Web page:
LP Research Resources July 23, 2014

Paramedic Training at a Glance

A paramedic and paramedic training is a profession often misunderstood by the average person; so I will give an overview of this career.

First be aware that an emergency medical technician (EMT) and paramedic are not limited to working as firefighters or ambulance first responders. The EMS professional can be found in police work, hospitals, private businesses, security facilities such as jails and prisons, and public industries such as casinos, arenas or amusement parks.

Certification Levels

Currently, in the U.S., there are about 201,000 paramedics employed in various levels of expertise. This certification requires attending paramedic school and becoming licensed. The most basic training, known as EMT-B (basic),  involves giving emergency care along with transporting the patient via ambulance to area hospitals. Next, EMT intermediate involves more advanced instruction and knowledge in the areas of managing respiratory, trauma and cardiac arrest. The intermediate is also taught how to administer some medications. This level is often divided into two portions, EMT-I/85 (lower level intermediate) and EMT-I/99 (higher level intermediate). The highest advanced level of certification is called EMT Paramedic. This level of training involves anatomy, physiology and advance medical skills.

Keep in mind, all fifty states and the District of Columbia offer EMS training programs. This is also true for the UK and many other countries. Paramedic school programs can be found at many Community Colleges where the Associate’s Degree is offered. The school can offer its own certification exam or you can opt to take the corresponding State Exam. All paramedics, once certified, are required to re-certify every two years.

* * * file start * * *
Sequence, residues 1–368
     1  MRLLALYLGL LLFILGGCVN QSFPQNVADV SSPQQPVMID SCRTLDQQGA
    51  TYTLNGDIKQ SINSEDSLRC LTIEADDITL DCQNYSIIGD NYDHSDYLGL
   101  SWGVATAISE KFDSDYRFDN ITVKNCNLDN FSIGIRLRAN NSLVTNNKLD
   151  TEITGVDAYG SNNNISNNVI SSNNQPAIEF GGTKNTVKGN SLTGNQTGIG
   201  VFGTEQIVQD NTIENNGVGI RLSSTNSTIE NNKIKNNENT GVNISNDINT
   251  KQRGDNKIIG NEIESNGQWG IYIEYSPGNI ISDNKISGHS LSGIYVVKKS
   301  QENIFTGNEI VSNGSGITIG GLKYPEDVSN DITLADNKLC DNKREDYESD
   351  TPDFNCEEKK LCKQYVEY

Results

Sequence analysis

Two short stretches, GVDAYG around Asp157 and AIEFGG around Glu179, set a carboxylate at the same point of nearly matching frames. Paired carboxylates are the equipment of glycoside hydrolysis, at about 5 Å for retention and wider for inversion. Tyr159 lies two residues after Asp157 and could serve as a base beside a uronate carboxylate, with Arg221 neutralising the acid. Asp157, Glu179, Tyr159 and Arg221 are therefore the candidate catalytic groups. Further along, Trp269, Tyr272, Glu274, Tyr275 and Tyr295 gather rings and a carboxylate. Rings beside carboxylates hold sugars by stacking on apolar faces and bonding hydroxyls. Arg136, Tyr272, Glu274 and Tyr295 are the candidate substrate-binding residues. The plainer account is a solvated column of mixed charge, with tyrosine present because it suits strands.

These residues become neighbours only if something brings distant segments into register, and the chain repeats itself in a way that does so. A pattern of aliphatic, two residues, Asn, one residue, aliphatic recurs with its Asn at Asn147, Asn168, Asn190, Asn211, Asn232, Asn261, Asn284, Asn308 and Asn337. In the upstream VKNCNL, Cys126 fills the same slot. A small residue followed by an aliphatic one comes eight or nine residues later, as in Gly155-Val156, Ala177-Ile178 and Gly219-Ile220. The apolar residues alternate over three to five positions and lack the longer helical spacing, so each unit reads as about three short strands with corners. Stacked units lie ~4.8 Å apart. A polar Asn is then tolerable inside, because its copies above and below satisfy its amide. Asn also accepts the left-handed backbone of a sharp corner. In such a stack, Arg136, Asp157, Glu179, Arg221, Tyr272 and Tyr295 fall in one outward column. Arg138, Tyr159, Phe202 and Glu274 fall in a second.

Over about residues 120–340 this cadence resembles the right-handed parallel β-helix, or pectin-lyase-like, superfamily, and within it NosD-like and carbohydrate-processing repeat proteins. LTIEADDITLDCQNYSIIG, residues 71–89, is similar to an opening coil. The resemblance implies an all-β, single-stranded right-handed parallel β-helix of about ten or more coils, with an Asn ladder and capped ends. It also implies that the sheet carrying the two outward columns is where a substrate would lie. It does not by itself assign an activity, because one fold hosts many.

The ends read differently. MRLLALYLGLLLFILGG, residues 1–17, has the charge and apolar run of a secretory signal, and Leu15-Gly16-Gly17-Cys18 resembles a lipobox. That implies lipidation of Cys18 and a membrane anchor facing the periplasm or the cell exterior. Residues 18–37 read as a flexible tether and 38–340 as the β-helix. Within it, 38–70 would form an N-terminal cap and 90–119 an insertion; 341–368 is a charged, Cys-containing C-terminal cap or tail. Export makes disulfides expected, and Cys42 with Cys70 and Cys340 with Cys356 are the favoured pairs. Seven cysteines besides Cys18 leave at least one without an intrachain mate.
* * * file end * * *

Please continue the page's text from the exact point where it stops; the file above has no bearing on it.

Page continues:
State Certification

An EMT must also receive state certification within the state or region they will be employed. States have  their own specific certification requirements for each level of EMT and paramedic training. The state agencies and EMS boards overseeing the emergency medical services within their state also require accreditation through their agencies for any EMT programs or paramedic training schools, in order for an individual to be licensed in that state.

If you are considering this very challenging yet rewarding career as a paramedic, let me emphasize that this is not an ordinary 8 to 5 job. Weekends, shift work, emergency calls just as you might be getting off a shift, the hours can be variable an unpredictable. In addition, dealing with life or death situations, suffering people, and high energy moments, ion a daily basis can take its toll. The professional in this field can be exposed to diseases, illnesses, long hours, stressful response situations, and in addition, the heavy lifting, loud sirens and adverse weather also plays a part in the work conditions.

Hopefully this overview will help individuals understand just how advanced and important the instruction can be if you are seriously interested in entering this career field. The best quality to have for working in this field is to have the desire to help people and save lives. This is an attribute that cannot be taught in any school and no amount of instruction can help you achieve it. Should you possess these valuable traits, and desire to help people, consider the elite profession of an EMT paramedic.

EMT Paramedic Training – Application Check List

EMS certification necessitates individuals to obtain an education over and above a high school diploma. Typically, and specifically in order progress to the highest level of an EMT, a college degree at or beyond an Associate Degree is essential. Though each state and country will vary within the pre-requisites essential for applying to an EMS program or paramedic school,  Read More…